SQL SERVER – Difference Between CURRENT_TIMESTAMP and GETDATE() – CURRENT_TIMESTAMP Equivalent in SQL Server

A common question – I often get from Oracle/MySQL Professionals:

“What is the Equivalent to CURRENT_TIMESTAMP in SQL Server?”

Here is a common question I often get from SQL Server Professionals:

“What are differences between Difference Between CURRENT_TIMESTAMP and GETDATE ()?”

Very simple question but have showed up so frequently that I feel like to write about it.

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Well in SQL Server GETDATE() is Equivalent to CURRENT_TIMESTAMP. However, if you use CURRENT_TIMESTAMP in your select statement it will work fine.

SQL SERVER - Difference Between CURRENT_TIMESTAMP and GETDATE() - CURRENT_TIMESTAMP Equivalent in SQL Server gdv

You can see in the above example – both of them returns the same value. Now let us go to next question regarding difference between GETDATE and CURRENT_TIMESTAMP. Well, the matter of the fact, there is no difference between them in SQL Server (Reference Link). CURRENT_TIMESTAMP is an ANSI SQL function, whereas GETDATE is T-SQL implementation of the same function. Both of them derive value from the operating system of the computer on which SQL Server instance is running.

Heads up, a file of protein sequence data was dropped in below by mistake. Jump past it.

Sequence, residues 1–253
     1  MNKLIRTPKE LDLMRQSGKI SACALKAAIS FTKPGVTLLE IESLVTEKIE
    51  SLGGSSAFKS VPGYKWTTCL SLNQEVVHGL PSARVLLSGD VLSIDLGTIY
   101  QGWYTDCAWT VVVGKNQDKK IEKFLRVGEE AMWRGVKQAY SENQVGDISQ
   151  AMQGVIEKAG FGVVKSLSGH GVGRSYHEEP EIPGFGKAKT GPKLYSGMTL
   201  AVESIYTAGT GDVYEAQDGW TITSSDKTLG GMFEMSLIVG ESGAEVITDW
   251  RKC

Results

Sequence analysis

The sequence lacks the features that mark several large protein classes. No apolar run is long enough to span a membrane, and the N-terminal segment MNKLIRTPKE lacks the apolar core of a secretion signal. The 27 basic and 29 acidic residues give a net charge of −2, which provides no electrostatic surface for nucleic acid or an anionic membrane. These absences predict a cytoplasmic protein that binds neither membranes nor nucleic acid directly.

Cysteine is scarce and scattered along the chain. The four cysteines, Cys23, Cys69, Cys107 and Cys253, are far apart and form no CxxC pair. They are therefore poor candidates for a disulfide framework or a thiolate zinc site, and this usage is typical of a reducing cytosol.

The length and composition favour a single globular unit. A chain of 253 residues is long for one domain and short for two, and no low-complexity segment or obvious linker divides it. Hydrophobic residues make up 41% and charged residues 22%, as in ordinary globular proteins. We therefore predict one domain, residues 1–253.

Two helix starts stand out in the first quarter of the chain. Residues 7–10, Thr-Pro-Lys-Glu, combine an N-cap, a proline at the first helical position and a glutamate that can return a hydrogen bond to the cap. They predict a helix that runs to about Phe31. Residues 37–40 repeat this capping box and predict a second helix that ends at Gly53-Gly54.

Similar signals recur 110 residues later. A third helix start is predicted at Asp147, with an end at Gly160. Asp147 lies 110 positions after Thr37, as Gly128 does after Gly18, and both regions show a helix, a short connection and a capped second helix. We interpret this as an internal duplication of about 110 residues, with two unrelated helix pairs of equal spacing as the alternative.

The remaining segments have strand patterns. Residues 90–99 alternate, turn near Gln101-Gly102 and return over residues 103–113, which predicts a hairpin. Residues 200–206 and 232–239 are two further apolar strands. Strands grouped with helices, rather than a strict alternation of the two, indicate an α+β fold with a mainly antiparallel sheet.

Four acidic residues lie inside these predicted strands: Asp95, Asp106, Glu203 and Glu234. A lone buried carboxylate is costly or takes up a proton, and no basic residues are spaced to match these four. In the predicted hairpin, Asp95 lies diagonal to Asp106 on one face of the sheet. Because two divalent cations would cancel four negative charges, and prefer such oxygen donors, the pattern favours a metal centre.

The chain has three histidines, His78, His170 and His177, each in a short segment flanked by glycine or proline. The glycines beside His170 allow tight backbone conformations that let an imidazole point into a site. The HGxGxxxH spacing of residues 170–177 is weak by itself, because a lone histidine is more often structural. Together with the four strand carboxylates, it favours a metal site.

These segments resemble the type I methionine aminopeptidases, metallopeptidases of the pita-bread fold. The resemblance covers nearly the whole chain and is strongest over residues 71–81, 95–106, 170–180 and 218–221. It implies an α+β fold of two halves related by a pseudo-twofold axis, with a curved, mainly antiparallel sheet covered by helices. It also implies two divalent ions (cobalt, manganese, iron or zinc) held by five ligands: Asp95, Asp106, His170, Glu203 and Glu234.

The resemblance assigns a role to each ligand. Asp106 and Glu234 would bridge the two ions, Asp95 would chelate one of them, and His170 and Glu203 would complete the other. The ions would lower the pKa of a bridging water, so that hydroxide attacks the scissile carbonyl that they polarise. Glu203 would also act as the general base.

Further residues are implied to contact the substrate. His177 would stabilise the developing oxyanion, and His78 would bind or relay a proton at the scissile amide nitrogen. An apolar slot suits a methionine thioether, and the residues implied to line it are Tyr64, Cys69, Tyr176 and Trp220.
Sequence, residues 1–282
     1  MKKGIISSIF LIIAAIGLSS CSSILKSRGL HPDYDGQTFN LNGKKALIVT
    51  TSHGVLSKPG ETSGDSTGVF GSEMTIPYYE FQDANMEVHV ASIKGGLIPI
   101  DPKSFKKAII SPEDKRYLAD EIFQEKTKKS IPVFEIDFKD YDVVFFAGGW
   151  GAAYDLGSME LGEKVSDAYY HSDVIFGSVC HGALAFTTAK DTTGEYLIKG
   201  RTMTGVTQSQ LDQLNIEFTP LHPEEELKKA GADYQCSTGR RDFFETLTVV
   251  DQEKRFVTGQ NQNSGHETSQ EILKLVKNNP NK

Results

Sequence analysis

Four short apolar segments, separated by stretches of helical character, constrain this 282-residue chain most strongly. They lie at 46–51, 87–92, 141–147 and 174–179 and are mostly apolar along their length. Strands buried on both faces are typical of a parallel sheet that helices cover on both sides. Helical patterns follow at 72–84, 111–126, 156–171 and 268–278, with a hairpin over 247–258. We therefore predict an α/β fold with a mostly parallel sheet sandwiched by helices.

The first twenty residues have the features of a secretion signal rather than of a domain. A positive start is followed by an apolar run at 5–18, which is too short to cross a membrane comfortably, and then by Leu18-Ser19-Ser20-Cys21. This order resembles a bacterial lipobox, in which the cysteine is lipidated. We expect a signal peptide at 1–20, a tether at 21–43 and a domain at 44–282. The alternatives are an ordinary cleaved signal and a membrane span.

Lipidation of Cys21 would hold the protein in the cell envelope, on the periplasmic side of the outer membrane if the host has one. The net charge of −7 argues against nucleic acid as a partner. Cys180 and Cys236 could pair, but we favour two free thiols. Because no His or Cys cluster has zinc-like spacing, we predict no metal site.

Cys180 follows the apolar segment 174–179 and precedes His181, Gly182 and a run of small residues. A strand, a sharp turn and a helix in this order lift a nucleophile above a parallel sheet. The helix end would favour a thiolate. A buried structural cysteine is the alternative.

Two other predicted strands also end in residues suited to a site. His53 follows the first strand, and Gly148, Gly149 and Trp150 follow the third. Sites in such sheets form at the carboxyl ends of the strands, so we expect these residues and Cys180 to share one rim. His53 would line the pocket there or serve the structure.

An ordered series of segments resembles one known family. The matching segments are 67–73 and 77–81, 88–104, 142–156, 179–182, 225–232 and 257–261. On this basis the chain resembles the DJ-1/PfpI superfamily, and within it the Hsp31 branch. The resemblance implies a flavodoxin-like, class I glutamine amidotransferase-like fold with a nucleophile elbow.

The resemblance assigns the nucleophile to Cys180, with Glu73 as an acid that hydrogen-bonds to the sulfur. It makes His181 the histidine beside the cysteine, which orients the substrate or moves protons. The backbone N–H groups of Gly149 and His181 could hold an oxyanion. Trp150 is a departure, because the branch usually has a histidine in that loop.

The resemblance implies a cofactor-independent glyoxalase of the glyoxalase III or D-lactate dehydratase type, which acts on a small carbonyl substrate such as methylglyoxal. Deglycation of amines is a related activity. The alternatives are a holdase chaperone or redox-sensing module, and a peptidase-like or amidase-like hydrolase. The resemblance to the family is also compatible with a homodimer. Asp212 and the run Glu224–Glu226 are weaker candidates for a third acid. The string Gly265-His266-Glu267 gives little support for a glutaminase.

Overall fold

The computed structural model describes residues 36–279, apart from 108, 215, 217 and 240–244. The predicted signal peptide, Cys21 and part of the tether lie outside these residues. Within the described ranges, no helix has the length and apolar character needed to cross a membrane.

Above discussion prompts another question – in this case, what should one use GETDATE or CURRENT_TIMESTAMP?

Well, this is indeed tricky and interesting question. I think I am very comfortable using the GETDATE () so I will go to use it but a matter of the fact there is no right or wrong answer. If you want to follow ancient saying “When in Rome, do as the Romans do”, I suggest using the GETDATE (), or continue using CURRENT_TIMESTAMP.

With that said, there is one very important property we all need to keep in mind. If you use CURRENT_TIMESTAMP while creating an object, they are automatically converted to GETDATE() and stored internally. To illustrate what I am suggesting here is the example –

Create a table using the following script

CREATE TABLE [dbo].[TestTable](
[Cold2] [datetime] NULL
)
ON [PRIMARY] GO
ALTER TABLE [dbo].[TestTable] ADD DEFAULT (CURRENT_TIMESTAMP) FOR [Cold2] GO

Now go to SSMS and generate the script for the table and you will notice following syntax.

CREATE TABLE [dbo].[TestTable](
[Cold2] [datetime] NULL
)
ON [PRIMARY] GO
ALTER TABLE [dbo].[TestTable] ADD DEFAULT (GETDATE()) FOR [Cold2] GO

You can notice that SQL Server have automatically converted CURRENT_TIMESTAMP to GETDATE(). I guess this gives us an idea how they behave. Now go ahead and make your choice! Do let me know which one will you use CURRENT_TIMESTAMP or GETDATE () in the comments area.

Reference: Pinal Dave (https://blog.sqlauthority.com)

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